The Associated Press
After a contentious public hearing pitting the coal industry against environmental advocates, the West Virginia House Judiciary Committee, in a near unanimous voice vote, advanced legislation that would weaken the state’s selenium regulations.
The bill would authorize the state Department of Environmental Protection to conduct a study to determine state-specific guidelines for how much selenium is acceptable in state waters.
If sites are found to have exceeded guidelines, that would no longer be treated as a punishable violation but would instead trigger additional monitoring.
The U.S. Environmental Protection Agency sets the guidelines for how much selenium is permissible; any change in the state’s standards must be approved by the agency. If West Virginia changes its standards and the EPA rejects the change, it could lead to litigation.
The EPA has been revising its selenium standards since 2004. An agency spokesman said officials expect to finalize them by the end of this year.
The bill’s sponsors contend that the federal regulations are overly restrictive and that selenium has not been proved harmful in West Virginia waterways. They say West Virginia’s fast-moving streams can tolerate higher selenium levels than slow-moving rivers and stagnant lakes.
“Our state is better equipped to handle this,” said Delegate Justin Marcum, D-Mingo, one of the bill’s sponsors. “Not a bunch of outsiders coming in telling us how to manage our coal industry.”
Delegate Clif Moore, D-McDowell, criticized the bill’s opponents for impeding economic growth in southern West Virginia and urged the bill’s passage. “I wonder what all these do-gooders were doing a few years ago when McDowell County was literally dying on the economic vine,” Moore said.
Selenium is a naturally occurring element that mountaintop removal mining releases into waterways. Studies have found it’s harmful to aquatic life, and high-level exposure in humans can damage the kidneys, liver, and central nervous and circulatory systems.
Both supporters and opponents of the bill cited a 2010 study by the state Department of Environmental Protection on selenium’s impact on selected fish populations in West Virginia.
Dianne Bady, founder and director of the Ohio Valley Environmental Council, displayed pictures of fish, documented in the study, with massive under-bites and crooked spines and accused the bill’s authors of dishonesty and misreading the research.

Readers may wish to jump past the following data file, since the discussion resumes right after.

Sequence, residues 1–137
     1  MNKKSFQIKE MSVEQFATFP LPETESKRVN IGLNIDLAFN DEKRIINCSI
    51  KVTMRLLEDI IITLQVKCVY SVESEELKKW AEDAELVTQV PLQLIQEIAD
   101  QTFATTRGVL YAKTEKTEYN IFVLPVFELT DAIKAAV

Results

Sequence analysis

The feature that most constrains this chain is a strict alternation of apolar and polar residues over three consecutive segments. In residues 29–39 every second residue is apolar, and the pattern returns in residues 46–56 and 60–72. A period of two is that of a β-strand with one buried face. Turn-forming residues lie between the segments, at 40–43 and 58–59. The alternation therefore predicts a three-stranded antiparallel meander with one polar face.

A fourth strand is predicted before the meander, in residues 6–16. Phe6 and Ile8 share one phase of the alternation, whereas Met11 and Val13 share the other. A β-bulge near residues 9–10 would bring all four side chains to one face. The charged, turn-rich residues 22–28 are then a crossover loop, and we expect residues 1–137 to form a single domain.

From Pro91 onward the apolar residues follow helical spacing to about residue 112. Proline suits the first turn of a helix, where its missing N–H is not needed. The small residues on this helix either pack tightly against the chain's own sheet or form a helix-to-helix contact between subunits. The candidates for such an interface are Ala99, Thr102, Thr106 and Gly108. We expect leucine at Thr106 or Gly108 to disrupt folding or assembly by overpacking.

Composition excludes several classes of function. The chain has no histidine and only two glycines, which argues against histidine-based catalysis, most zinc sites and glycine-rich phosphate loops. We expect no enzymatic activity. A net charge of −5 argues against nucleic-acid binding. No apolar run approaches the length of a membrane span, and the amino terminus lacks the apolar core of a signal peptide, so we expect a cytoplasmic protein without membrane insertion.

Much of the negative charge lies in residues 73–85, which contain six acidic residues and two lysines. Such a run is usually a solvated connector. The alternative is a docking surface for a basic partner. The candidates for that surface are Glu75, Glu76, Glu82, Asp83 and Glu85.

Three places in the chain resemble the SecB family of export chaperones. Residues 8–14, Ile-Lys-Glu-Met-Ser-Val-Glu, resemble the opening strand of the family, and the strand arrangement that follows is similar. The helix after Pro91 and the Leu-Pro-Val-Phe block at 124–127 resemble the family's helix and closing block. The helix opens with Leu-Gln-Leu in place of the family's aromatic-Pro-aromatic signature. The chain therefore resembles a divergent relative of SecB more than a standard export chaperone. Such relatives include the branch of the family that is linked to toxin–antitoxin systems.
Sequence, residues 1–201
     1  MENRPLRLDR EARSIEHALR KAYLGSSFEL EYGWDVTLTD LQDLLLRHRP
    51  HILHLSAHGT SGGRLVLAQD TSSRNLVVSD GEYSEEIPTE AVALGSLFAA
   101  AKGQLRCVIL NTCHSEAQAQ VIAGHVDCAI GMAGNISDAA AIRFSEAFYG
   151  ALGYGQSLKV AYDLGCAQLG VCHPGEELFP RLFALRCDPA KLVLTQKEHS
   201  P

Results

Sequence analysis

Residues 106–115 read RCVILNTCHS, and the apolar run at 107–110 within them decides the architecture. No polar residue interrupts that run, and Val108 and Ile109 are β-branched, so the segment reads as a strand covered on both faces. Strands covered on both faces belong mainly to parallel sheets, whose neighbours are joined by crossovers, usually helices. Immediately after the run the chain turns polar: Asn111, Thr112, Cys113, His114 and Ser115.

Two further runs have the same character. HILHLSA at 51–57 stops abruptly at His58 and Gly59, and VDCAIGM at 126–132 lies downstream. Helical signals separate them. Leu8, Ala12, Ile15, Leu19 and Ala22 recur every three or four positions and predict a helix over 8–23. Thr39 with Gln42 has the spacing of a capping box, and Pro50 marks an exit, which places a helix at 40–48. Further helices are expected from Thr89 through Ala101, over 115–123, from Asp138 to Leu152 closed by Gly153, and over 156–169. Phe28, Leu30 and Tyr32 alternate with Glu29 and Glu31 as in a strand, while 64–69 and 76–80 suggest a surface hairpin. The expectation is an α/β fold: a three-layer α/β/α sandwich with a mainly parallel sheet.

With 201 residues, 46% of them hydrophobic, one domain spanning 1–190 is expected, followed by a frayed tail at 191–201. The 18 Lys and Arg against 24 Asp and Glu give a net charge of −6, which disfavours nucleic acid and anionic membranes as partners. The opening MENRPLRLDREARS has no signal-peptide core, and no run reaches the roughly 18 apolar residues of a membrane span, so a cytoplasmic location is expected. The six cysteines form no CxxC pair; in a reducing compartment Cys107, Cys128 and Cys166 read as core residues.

“House Bill 2579 states the purpose of this bill is to protect state waters,” Bady said. “This is a dishonest statement. In reality the purpose of this bill is to allow mountaintop removal companies to pollute West Virginia streams with levels of selenium that are known by the best scientific evidence at this time to cause serious harm to fish and other aquatic life.”
Jason Bostic, vice president of the West Virginia Coal Association, said there are four different kinds of selenium and they all have different effects, which are difficult to document.
“For selenium to have an adverse impact it must accumulate in the tissue. Mere exposure to selenium in water is not enough to be able to cause a problem,” Bostic said. “Despite searching for an impact, none can be found in West Virginia streams.”
Bostic said that the deformities found in the 2010 study are statistically insignificant and have not been verified by subsequent research.
The 2010 study found that deformities in fish populations in West Virginia waters were “associated with waterborne selenium exposure.”
Randy Huffman, the secretary of the Department of Environmental Protection, acknowledged that the study found fish deformities attributable to selenium, but said that more study was needed.
“We drew some conclusions,” Huffman said of the 2010 report. “To caveat that, there is not enough in this study for us to make any conclusive statements.”
The bill’s supporters pointed to the fact that the EPA selenium regulation placed on streams near coal mines is 10 times stricter than the regulation placed on drinking water. EPA has not commented on how it arrived at its standards, but Tom Clarke, an Environmental Protection department spokesman, said that the distinction is probably due to the differences between aquatic life and humans.
“People are larger and much more complex organisms than some of the organisms living in our streams and therefore are capable of absorbing and ingesting higher concentrations of selenium without being harmed,” Clarke said last week. “And another thing is how much water you drink a day is different than a tadpole that is constantly exposed over its whole body.”